http://www.njmls.com/cf/details.cfm?mls_number=2906276&id=999999

    This 2 bedroom back on the market in Ho Ho Kus reduced to 515K, wonder what it will actually sell for? I guess a number that starts with 4, but the second number is the hard one to guess. If the person holds outs too long the first number could be 3.

  333. Barbara says:

    335.
    NO, YELLER!

  334. NJGator says:

    SRS above 80. Woo hoo!

  335. kettle1 says:

    330 tosh,

    those gentlemen need larger bonuses. Can you imagine the hours they must work to generate a loss like that????

  336. NJGator says:

    339 Kettle – Where do I volunteer to lose twice as much money for half the bonus?

  337. #339 – It must be exhausting work. A man could work up a mighty thirst engineering that much fail.

  338. Clotpoll says:

    Stu (323)-

    I made the trillion dollar sinkhole call on AIG, but I did it after talking to BC, so the credit is his.

  339. BC says:

    060505BF0 BANKAMERICA SR NT 4.375 12/01/10 9.033(M) 92.547 now the markets is getting crazy scared for senior short term bank bonds to be at 9%.

    Super heavy vol coming in on sell side, we are down 230 pts.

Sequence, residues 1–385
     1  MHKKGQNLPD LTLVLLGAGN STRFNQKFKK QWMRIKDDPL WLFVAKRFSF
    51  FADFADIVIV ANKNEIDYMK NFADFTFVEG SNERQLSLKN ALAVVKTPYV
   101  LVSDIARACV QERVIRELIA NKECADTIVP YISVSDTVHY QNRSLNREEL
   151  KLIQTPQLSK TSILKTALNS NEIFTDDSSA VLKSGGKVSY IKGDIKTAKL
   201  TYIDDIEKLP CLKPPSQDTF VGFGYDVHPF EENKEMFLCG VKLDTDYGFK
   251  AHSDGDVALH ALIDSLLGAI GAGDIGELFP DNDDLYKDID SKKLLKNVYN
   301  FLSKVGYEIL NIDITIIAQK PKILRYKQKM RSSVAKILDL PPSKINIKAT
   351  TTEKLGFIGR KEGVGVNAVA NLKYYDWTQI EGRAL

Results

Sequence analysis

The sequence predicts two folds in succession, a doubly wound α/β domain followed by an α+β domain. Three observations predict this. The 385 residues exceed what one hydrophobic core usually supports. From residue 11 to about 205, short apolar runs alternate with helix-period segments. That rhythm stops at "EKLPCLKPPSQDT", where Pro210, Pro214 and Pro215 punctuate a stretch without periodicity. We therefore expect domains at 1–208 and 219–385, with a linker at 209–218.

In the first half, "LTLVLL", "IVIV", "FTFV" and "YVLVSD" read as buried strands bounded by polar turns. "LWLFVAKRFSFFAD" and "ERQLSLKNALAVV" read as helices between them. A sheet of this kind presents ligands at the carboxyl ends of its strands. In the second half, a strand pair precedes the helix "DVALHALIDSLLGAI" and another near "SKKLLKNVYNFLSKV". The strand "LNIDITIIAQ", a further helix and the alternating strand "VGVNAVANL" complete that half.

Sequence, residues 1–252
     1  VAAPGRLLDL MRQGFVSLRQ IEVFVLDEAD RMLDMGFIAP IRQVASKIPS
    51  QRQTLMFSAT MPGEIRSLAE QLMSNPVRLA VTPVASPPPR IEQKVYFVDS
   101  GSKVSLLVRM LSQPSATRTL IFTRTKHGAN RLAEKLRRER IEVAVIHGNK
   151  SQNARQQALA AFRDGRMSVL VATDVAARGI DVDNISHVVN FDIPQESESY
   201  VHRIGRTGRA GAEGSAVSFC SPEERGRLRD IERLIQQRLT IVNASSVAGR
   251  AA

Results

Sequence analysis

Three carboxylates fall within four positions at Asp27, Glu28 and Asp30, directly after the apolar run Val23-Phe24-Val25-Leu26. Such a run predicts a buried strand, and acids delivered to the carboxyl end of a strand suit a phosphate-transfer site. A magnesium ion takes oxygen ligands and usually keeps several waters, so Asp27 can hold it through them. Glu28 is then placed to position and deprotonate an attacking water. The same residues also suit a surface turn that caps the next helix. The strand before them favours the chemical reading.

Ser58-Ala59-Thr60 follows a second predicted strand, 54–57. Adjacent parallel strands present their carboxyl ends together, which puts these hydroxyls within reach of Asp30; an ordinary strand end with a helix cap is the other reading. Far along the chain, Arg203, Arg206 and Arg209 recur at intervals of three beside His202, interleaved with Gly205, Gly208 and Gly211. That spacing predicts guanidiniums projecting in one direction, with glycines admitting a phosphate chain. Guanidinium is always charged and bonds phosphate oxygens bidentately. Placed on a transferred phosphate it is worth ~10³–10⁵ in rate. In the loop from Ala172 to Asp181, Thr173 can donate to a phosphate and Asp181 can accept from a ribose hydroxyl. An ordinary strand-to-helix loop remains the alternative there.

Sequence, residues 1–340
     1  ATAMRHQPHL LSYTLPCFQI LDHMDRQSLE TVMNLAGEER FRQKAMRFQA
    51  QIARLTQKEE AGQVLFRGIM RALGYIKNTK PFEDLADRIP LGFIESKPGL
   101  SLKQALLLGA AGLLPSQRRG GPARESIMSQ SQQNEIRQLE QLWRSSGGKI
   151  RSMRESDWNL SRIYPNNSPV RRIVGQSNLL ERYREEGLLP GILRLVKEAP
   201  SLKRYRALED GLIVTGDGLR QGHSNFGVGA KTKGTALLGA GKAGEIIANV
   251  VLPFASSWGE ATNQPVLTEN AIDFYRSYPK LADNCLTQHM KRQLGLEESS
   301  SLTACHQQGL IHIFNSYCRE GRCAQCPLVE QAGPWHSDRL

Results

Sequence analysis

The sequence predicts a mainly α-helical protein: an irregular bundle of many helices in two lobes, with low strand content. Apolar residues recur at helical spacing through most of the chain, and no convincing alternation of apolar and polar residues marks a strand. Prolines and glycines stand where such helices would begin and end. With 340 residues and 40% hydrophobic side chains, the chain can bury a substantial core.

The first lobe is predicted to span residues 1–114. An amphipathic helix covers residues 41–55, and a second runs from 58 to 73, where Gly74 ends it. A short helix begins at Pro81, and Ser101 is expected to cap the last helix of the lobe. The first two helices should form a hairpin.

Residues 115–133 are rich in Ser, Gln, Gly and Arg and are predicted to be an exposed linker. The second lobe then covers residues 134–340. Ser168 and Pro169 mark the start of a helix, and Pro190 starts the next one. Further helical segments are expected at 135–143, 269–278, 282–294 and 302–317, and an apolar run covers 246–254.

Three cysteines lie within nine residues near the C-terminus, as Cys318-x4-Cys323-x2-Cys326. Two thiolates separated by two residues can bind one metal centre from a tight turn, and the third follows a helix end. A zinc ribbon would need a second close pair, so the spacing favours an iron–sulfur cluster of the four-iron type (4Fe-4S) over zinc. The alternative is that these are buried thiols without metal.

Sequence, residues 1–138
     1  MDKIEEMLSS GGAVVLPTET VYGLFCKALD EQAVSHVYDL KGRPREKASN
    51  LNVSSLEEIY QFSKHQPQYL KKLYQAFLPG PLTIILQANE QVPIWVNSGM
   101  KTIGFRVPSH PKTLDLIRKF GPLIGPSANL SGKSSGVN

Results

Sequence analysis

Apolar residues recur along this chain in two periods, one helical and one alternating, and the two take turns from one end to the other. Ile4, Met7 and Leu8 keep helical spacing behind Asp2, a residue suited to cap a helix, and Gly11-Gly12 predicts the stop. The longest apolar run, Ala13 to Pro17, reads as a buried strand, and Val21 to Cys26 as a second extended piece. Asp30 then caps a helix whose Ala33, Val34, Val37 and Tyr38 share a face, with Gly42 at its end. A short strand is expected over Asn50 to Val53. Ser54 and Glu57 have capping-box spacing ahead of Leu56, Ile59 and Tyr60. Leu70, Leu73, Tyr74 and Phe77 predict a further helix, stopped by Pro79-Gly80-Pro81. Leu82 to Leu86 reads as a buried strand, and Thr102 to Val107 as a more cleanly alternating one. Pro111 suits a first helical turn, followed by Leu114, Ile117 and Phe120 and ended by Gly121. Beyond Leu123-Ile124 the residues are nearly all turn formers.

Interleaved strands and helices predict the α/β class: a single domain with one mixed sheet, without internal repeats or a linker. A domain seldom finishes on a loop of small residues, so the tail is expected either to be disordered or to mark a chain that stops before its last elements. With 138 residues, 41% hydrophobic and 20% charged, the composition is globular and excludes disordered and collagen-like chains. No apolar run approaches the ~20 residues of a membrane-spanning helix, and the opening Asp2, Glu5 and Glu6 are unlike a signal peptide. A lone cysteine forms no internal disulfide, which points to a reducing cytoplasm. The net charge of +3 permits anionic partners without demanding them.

340. Clotpoll says:

    vodka (332)-

    Sometimes, “practice” just yields Dr. Frankenstein’s monster.

  341. Clotpoll says:

    I live for days like today.

  342. Hard Place says:

    I have a theory about you SAS. Are you a counterintelligience agent from another country looking to foment government outrage by using subterfuge to promote theories that there are diabolical agents at work within the US to keep us all enslaved? If that is the case, I need to slowly draw the shades down from my office and make sure I go around random blocks in circles to ensure I’m not being followed.

  343. Clotpoll says:

    Anyone want to venture a guess as to how C’s stress test is going?

  344. BC says:

    election day dow was 9,600 points, today 7,100 points, 2,500 points wiped out in three months since our new prez was put in charge, don’t wory at that rate in less than nine months we will be at zero and problem will be solved comrades.

  345. kettle1 says:

    hard place,

    i think i agree,

    SAS is a government plant. whose government, i dont know.

  346. Clotpoll says:

    bi muzzle within 8.

  347. jcer says: